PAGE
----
The bishops note that in response to civil partnerships there has been ‘a range of reactions within the Church’ (26). Some have welcomed the remedying of injustice. Others are concerned about fresh anomalies and believe that civil partnerships ‘in practice—even though not in law—erode the unique position which marriage has previously occupied’ (26). This claim again reflects a failure by the bishops to recognize just how much—in law as well as in practice—the advent of civil partnerships clearly reconfigures the position of marriage and redefines the family, as the Church’s response to the initial consultation warned would happen.
As a result, although there is the strong and largely defensible claim that ‘the Church’s teaching on sexual ethics remains unchanged’ (27) the House of Bishops has failed to recognize the seriousness of the challenge presented to this teaching by the new legislation. It has also failed to present a clearly articulated distinctive and prophetic Christian witness in relation to society’s changing attitude to same-sex relationships.
The third major statement came from the Archbishops of Canterbury and York ‘on behalf of’ the House of Bishops in February 2014, and tried hard not to have itself ironically published on St Valentine’s Day. The main statement it quite short, but the longer appendix sets out in summary the Church’s position on marriage and sexuality, reiterating existing canon law and the marriage liturgy, and emphasising the distinctives drawn up in Issues.
24. The implications of this particular responsibility of clergy to teach and exemplify in their life the teachings of the Church have been explained as follows; ‘The Church is also bound to take care that the ideal is not misrepresented or obscured; and to this end the example of its ordained ministers is of crucial significance. This means that certain possibilities are not open to the clergy by comparison with the laity, something that in principle has always been accepted ‘(Issues in Human Sexuality, 1991, Section 5.13)…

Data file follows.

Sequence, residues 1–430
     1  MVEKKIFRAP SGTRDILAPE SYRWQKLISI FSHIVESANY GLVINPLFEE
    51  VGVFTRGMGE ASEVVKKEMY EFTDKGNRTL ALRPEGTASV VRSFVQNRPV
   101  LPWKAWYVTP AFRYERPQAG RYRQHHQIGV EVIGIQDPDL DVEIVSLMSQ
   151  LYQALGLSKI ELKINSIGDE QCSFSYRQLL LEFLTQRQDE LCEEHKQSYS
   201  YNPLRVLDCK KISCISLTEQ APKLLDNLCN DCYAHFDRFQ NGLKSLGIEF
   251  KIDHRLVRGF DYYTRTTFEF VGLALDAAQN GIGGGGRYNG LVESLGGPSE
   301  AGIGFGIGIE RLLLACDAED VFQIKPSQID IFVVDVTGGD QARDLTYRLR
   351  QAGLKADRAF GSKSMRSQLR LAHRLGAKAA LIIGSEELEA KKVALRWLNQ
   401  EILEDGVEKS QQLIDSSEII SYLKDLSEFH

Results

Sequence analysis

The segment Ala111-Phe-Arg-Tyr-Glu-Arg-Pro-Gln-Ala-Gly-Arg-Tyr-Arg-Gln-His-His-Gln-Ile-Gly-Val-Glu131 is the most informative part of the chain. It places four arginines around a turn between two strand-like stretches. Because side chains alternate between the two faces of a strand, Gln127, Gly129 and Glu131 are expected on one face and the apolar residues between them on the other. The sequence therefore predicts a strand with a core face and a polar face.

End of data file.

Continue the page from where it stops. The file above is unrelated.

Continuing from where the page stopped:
27. The House is not, therefore, willing for those who are in a same sex marriage to be ordained to any of the three orders of ministry. In addition it considers that it would not be appropriate conduct for someone in holy orders to enter into a same sex marriage, given the need for clergy to model the Church’s teaching in their lives.
28. The Church of England has a long tradition of tolerating conscientious dissent and of seeking to avoid drawing lines too firmly, not least when an issue is one where the people of God are seeking to discern the mind of Christ in a fast changing context. Neverthless at ordination clergy undertake to ‘accept and minister the discipline of this Church, and respect authority duly exercised within it.’ We urge all clergy to act consistently with that undertaking.
In the light of all this, it is fair to say that the House of Bishops’ current policy rests on three things:
- A clear distinction in law and practice between Civil Partnerships and marriage.
- A presumption of integrity of those who enter into Civil Partnerships, that they are indeed abiding by the teaching of the Church.
- A consistent application of this standard across the Church.
The loss of any one of these principles would undermine the coherence of current practice. But in fact each one of these is seriously compromised. On the first, the retrospective recognition of same-sex CPs as same-sex marriage erodes any sense of distinction; on the third, there is evidence that different dioceses do have different practices in relation to clergy, though the guidance to DDOs is clear. But what of the second?
Last month, Richard Peers published a forthright and honest reflection on this question. Richard is Diocesan Director of Education in Liverpool Diocese, having previously been both in parish ministry and a head teacher of a secondary school. Richard is a fascinating person—energetic, creative, and well read, and I have really enjoyed getting to know him over the last couple of years. He has attended the Tyndale NT Study Group for the last couple of years, as well as New Wine, and has written guests posts on this blog about his experiences. In his post, he begins with recounting some personal experience: